Woodcarver's hobby a second career

May 20, 2002

GREENCASTLE, Pa. - In 1990, Aubrey Wright wasn't sure he'd have enough money to support himself as he retired from teaching at Wilson College.

He was prepared to let his hobby - woodcarving - blossom into a new career.

Wright's woodcarving could be considered a part-time job - he works on it 20 hours a week - but he still considers himself a hobbyist.

The hobby pays for itself and provides supplemental income for the 76-year-old retiree. Wright was an auto body repairman and later taught how to calculate automobile damage estimates.

Wright's woodworking also kept his mind occupied following the 1987 death of his wife.

To develop a customer base, Wright attends Boonsborough Days, Jonathan Hager Frontier Craft Days and the Western Maryland Blues Fest. His work has been displayed at the Mansion House Art Center in City Park.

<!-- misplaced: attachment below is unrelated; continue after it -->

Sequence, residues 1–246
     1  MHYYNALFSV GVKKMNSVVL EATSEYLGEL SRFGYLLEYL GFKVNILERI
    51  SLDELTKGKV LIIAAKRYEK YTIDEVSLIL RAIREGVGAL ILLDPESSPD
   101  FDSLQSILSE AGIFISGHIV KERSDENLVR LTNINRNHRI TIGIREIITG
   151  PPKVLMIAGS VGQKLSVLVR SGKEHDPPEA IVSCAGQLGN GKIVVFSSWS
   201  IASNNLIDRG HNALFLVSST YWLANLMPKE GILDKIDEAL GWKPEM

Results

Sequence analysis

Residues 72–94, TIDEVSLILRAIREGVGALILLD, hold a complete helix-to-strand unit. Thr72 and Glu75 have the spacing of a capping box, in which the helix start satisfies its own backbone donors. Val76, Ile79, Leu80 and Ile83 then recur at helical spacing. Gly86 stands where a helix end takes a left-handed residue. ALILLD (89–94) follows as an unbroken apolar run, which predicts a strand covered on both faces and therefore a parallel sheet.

He sells wooden songbirds, birds of prey, soldiers and carousel horses at the festivals, but he mostly goes to spread word of the business, Aubrey's World.

People pick up his business cards, resulting in at least 30 orders a year, Wright said.

He gets his inspiration for the birds from magazine pictures and for the poses from the birds that land at the numerous feeders in his rural back yard off Fording Creek Road.

Wright's original inspiration for taking up woodcarving was his son, who died in a helicopter crash in 1969. He left behind an unfinished wooden pack mule he was carving in oak.

Wright attended adult education classes in Kensington, Md., to learn the trade. He finished his son's mule in 1973.

For more information about Aubrey's World, call 1-717-597-4740.

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